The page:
AuthorTopic: Anti-aliasing explained  (Read 10132 times)

Offline QuickSilva

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Re: Anti-aliasing explained

Reply #10 on: January 31, 2009, 04:46:42 pm
Thanks for the replies, sorry I`m a bit late to respond but reading this has helped to clear a few things up. I`m slowly getting there I think. It`s also interesting to see some artists work that still looks great yet hardly uses any AA, Kenneth Fejer springs to mind as does Konjak. I actually really like some none AA work as it retains a sharp clean look. Some people seem to use it well though and maintain that clean look. It`s a good skill to know and one well worth mastering.

Jason.
« Last Edit: February 01, 2009, 12:21:21 pm by QuickSilva »

Offline ptoing

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Re: Anti-aliasing explained

Reply #11 on: January 31, 2009, 06:41:28 pm
Speaking of no AA stuff. Metal Slug has hardly any AA. Nor has Dodonpachi (well at least not in the sprites much). Many games have not really much AA and still look good. It's not like if you have shit art and you AA it, it will get better. If you know how to draw you should be able to make stuff good without AA.
There are no ugly colours, only ugly combinations of colours.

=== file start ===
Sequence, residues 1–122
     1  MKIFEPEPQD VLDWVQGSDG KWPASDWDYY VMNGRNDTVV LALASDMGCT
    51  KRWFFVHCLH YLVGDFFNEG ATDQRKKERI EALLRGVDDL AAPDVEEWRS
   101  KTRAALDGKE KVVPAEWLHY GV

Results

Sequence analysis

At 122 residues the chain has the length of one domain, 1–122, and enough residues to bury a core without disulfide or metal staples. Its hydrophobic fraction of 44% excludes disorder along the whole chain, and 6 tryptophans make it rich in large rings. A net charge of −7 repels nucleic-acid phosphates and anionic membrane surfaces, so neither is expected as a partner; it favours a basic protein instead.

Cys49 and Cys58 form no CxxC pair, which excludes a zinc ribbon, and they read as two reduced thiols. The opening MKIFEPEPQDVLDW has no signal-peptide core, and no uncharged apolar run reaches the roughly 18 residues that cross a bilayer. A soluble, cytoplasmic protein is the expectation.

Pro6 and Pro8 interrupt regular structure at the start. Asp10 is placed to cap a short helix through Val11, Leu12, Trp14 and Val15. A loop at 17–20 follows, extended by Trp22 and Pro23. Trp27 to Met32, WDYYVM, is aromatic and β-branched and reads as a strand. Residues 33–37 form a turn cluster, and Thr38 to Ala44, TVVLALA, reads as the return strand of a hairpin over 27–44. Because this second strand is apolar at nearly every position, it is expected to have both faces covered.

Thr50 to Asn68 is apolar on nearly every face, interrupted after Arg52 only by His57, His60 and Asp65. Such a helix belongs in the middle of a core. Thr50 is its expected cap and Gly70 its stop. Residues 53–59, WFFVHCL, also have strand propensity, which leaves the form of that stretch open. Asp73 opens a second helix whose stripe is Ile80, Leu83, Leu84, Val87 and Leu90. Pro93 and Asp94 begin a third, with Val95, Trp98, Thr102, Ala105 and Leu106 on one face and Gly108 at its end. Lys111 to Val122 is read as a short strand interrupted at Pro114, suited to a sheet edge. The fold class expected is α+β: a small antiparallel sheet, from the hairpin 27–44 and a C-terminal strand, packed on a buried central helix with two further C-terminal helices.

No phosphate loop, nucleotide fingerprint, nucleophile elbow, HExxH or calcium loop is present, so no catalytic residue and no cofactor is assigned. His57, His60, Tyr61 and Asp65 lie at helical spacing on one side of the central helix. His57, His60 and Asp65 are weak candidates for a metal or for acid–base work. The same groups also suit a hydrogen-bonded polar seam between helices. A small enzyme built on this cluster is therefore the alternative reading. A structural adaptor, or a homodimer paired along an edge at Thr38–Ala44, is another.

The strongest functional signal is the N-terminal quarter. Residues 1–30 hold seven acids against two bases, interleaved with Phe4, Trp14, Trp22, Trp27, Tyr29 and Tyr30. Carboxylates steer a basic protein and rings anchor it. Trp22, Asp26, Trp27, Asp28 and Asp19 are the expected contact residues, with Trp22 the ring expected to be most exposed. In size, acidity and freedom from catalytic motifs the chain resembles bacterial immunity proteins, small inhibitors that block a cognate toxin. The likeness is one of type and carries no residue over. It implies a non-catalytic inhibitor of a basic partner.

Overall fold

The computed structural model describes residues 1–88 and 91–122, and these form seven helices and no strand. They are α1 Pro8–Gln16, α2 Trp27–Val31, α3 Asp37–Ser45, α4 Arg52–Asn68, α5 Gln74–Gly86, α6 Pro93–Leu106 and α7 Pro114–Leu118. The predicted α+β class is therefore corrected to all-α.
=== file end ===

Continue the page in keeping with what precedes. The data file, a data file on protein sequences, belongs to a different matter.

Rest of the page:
Offline .TakaM

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Re: Anti-aliasing explained

Reply #12 on: January 31, 2009, 10:19:11 pm
Only real trick I have is not to AA 90degree lines, as in

 .
    .
       .
          .
              .    :D
Assuming you meant 45 lines, as in

I've always disagreed with not AAing these lines, at least under all circumstances.
As most of us will agree, AAing is mostly math, and using simple math it's easy to see that a 45 line is not actually "1 pixel thick":

If you were to move the edges of the diagonal line to fill in the gaps- it becomes much clearer

You can see that a diagonal line only occupies 60% the width of a straight line. (as in working with the physical orientation of pixels)
This is why over long stretches of a 45 line I think it's appropriate to AA, preferably 40% of the colour of the line itself.
However, it's not really necessary over short lines, or when lines are several pixels thick
Life without knowledge is death in disguise

Offline Indigo

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Re: Anti-aliasing explained

Reply #13 on: February 01, 2009, 12:38:36 am
takaM - I couldn't agree with you more.  In fact I was going to write a quick article type thing about it.  Mathematically 45 degree lines should be AA'd.  The AA is very light, so if your color ramp doesn't support it, it's probably a closer approximation to not AA them at all.  But if your ramp does allow for it, it definitely makes sense.

Offline QuickSilva

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Re: Anti-aliasing explained

Reply #14 on: February 01, 2009, 12:25:07 pm
I completely agree with ptoing that AA-ing will not save poor artwork it can however lift already good artwork to a higher level if done well. It certainly has its uses.